I always find Somaly’s focus to be on the girls. When she comes to the shelters, the girls run into her arms and many cry deeply like she is their long, lost, mother. There are four young women in the Siem Reap Center that have completed the years of training and now work for the organization. They say they are survivors and feel strongly that they could not ever consider working for anyone other than Somaly Mam. They live near by and come to the Center every day. I have seen them for the past seven years during my volunteering time. One has married but still comes to work at the Center. I have witnessed the recovery of hundreds of girls. I have seen them enter fragile, scared, and traumatized. I have seen the older girls take the new girls by the hand, hug them, and tell them that they are safe and invite them into a new life. Each consecutive year, I see the girls now strong, happy, alive and full of the future-dancing, singing, learning new skills and developing into powerful women with dreams of a future and devoted to stopping sex trafficking in Cambodia.It is a powerful feeling for me as a human being to witness these recoveries. The staff is few but devoted to the change of girls lives. I have seen new rules instituted to protect the girls. I now must have a police report clearing me before entering the shelters. This new rule has been enacted during the last two years of my seven years of volunteering. At first, I felt insulted that after so many years of devotion that I MUST get a police report and I wrote to Somaly. She was straight with me and told me I had to follow what the rules that were for the safety of the girls, so I immediately stopped protesting the new rule and every year get my police report before I leave. Now every year, I must write and explain what my project will be and how I think the girls will benefit from the project. Before entering the shelters, I must first sit down with the social workers and an administrator to review the importance of what I do.Often they interject with concerns for the girls and how I should make the projects more suitable for the girls, i.e. how I must teach employable skills that fit within the framework of the future lives of the girls in Cambodia.They have been deeply concerned for their present, fragile lives and the lives they will lead after reintegration. I AM DEEPLY respectful of this and have learned so much more about rehabilitation.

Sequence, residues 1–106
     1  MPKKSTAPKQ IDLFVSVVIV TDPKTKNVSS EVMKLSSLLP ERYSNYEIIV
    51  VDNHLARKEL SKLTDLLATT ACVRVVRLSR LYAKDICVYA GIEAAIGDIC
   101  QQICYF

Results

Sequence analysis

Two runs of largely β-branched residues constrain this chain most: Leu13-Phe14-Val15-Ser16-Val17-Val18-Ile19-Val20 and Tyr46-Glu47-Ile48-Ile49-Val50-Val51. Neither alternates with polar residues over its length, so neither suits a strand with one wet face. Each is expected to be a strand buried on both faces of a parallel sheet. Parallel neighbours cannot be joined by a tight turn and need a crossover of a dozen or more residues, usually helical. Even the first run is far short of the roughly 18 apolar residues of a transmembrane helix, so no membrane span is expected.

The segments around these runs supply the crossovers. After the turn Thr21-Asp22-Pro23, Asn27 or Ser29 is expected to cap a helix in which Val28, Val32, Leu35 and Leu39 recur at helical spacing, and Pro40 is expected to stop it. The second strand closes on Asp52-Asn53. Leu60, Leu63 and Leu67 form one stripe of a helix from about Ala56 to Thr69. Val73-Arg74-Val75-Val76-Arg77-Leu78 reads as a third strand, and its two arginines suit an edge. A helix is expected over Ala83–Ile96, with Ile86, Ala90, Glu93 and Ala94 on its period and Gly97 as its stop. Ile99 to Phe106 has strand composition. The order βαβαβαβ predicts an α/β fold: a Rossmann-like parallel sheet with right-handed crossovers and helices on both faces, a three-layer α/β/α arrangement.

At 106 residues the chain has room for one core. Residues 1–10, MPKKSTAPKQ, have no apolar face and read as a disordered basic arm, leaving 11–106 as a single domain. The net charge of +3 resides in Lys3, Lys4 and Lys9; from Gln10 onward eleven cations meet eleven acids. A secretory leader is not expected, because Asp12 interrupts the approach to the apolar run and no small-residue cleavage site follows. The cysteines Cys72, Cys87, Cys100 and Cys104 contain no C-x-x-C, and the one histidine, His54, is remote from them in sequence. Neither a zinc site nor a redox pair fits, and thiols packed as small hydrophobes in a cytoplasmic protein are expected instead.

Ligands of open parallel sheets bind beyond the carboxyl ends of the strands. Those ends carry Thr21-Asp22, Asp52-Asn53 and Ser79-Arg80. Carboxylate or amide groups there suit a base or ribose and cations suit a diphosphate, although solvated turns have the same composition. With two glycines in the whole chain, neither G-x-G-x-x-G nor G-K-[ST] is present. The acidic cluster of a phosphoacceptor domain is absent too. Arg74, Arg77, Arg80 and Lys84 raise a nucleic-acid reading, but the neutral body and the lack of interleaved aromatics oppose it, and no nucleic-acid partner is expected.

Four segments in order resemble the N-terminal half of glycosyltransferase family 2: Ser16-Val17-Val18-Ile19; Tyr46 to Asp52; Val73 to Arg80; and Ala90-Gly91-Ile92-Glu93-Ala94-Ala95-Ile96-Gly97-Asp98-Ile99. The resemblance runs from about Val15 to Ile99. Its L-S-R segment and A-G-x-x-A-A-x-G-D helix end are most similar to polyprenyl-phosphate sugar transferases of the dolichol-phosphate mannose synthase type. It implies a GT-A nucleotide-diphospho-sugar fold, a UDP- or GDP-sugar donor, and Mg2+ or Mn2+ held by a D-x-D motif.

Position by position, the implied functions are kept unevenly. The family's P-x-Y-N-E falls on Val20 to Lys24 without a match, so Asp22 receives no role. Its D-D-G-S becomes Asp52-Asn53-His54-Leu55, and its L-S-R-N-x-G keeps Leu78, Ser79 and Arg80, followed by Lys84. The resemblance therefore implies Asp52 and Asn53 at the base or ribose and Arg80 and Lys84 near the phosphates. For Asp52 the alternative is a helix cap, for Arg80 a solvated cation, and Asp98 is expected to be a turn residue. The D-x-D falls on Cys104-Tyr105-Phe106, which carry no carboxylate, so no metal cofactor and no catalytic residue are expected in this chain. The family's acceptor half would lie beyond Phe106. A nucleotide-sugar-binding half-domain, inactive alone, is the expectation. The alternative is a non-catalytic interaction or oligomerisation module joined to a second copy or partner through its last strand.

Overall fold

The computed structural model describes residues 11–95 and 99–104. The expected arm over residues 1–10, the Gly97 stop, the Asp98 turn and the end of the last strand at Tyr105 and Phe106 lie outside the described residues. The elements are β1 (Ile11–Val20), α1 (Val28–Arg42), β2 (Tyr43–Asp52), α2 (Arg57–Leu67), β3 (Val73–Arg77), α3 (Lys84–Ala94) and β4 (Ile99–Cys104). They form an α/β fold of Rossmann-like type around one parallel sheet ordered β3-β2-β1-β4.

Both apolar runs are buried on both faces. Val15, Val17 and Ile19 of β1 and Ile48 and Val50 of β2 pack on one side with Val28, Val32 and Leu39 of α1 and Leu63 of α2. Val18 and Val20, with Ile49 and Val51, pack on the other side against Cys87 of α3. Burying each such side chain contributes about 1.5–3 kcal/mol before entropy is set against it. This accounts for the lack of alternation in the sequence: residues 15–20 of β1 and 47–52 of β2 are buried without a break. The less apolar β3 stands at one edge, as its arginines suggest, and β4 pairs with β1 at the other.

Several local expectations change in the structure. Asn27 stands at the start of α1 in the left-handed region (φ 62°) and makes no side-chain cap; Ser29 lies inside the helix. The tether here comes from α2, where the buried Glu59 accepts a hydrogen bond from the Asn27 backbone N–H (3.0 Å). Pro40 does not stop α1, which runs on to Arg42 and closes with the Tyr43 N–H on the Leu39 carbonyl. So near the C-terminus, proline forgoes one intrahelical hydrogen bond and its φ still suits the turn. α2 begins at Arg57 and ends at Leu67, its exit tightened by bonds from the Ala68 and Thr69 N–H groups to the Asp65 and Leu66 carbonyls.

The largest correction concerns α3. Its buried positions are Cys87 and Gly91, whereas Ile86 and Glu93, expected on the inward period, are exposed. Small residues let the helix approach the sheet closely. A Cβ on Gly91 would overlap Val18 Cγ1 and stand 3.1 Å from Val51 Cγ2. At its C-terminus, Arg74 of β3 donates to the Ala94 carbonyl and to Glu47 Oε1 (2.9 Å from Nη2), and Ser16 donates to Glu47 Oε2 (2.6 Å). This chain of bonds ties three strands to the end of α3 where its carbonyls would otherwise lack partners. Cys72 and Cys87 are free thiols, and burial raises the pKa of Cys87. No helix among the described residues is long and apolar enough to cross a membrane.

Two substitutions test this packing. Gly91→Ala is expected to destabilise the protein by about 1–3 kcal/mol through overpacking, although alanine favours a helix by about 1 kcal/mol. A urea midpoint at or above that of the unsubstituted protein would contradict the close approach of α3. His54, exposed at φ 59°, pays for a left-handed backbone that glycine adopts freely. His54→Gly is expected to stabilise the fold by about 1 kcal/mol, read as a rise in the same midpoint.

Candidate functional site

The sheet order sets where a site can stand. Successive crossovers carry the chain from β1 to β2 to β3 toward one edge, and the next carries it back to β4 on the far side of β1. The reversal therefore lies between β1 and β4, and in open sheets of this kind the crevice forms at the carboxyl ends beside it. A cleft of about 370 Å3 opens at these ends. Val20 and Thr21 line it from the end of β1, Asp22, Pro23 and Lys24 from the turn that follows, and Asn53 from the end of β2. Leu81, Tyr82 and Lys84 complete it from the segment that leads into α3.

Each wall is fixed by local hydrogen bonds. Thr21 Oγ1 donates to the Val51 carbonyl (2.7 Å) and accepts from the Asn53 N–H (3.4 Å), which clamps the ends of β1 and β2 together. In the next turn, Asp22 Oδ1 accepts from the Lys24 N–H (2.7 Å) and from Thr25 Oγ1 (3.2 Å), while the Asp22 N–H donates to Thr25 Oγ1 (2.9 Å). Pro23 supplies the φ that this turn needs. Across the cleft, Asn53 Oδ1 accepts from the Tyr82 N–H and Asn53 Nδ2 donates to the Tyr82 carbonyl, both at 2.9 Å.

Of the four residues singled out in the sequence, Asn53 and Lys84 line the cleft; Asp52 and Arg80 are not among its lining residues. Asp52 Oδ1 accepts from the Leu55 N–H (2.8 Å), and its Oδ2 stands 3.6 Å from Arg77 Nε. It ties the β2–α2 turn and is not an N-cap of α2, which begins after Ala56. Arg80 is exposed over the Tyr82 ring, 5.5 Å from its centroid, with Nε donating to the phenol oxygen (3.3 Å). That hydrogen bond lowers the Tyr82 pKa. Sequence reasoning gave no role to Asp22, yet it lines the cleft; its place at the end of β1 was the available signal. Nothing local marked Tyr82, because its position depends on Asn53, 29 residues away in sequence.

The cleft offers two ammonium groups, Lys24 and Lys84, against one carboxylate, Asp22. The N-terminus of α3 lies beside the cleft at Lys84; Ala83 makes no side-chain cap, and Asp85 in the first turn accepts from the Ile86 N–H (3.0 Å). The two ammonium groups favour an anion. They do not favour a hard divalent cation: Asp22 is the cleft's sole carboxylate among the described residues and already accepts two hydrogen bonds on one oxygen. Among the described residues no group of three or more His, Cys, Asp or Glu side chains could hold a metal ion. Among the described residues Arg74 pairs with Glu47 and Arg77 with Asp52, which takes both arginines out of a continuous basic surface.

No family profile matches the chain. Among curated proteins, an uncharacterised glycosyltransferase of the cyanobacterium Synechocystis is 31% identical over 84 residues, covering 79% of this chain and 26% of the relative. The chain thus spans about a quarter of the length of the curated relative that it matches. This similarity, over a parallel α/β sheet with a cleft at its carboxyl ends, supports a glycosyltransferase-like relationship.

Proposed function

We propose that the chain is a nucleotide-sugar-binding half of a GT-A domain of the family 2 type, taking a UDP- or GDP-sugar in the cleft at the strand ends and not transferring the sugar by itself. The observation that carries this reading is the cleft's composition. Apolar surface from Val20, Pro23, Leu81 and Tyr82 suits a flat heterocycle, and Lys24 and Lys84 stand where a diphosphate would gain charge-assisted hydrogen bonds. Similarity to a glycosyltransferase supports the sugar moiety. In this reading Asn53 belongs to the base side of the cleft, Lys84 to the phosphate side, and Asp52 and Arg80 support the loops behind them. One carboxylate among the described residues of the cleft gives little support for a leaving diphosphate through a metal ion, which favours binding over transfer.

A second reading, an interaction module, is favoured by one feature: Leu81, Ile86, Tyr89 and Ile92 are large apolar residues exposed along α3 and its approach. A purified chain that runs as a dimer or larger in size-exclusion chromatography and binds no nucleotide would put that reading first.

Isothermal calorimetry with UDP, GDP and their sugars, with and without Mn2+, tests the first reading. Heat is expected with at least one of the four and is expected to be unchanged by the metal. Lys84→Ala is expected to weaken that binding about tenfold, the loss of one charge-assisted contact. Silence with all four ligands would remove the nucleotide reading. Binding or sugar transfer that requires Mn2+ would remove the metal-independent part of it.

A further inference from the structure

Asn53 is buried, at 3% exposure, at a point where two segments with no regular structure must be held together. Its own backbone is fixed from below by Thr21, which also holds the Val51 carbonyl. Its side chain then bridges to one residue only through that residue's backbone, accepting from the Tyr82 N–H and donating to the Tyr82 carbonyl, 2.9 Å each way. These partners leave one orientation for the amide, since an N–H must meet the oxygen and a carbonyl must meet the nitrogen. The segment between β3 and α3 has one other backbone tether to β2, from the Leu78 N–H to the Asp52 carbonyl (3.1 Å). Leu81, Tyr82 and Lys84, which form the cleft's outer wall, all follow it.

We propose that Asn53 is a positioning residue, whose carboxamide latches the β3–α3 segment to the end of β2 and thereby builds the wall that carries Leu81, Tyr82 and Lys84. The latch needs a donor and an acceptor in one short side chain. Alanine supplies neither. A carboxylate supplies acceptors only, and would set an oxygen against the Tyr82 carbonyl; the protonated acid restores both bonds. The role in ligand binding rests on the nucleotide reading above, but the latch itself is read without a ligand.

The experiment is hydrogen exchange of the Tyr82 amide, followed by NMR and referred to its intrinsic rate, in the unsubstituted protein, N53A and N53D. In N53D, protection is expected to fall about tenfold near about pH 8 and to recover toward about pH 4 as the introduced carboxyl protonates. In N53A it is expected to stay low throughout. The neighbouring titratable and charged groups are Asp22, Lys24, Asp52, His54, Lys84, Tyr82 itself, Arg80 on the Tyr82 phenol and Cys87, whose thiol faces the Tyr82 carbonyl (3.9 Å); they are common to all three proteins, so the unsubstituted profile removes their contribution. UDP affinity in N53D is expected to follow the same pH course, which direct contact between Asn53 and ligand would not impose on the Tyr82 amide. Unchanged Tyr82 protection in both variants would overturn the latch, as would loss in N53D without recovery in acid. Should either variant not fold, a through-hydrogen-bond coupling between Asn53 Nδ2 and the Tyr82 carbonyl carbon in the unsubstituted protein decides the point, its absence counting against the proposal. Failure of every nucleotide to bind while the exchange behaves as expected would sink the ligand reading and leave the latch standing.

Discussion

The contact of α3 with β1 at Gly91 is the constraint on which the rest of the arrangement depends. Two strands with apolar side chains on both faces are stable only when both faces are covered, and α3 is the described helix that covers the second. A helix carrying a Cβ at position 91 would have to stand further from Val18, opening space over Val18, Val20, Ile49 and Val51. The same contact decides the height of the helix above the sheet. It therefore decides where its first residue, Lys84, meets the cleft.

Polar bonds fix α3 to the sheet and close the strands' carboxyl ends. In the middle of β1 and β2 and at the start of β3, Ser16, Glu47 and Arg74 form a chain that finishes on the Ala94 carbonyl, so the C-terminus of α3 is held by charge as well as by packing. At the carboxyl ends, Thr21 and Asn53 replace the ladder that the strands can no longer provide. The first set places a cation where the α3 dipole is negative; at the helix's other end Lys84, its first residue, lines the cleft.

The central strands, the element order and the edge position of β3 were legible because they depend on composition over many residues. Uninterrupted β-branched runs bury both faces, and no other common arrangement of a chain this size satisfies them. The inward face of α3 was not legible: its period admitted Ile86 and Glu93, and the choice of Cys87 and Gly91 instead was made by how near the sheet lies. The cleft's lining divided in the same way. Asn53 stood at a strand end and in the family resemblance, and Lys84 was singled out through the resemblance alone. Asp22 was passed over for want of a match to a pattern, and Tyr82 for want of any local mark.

Somaly and I have never sat and had tea or dinner together, even at her fund raisers in New York, where I live, she is all business. Her life’s goal has been the girls she calls her own. Yes, I have read the Newsweek article, it took me a few weeks to finally open the article and read it. Everyone in New York who know my work in Cambodia have written and most ask if I will I return. My thoughts are these; Somaly has led me to over two hundred girls who I have sat with on the tile floor at the Center. During the past seven years, I have witnessed the healing ability of love bring them back to life. I have taught the girls all the crafts that I know and in exchange they have taught me that there is life after death. Am I going back???? YOU BETCHA! I will not ever consider not going back to Somaly Mam’s girls. As an artist, a storyteller, so often the public wants more. You look into their eyes and see it. I’ll stay close to the facts; the fact here is that I have seen first hand what Somaly Mam has done to bring awareness to the cause of young girls everywhere, worldwide. I say to those who want to doubt her, COME TO CAMBODIA and see for yourselves. Somaly’s girls need to be protected and cherished has she has done for over ten years. I look forward to my eighth year of creating with Somaly’s girls, who are now my chosen daughters.

Sana Musasama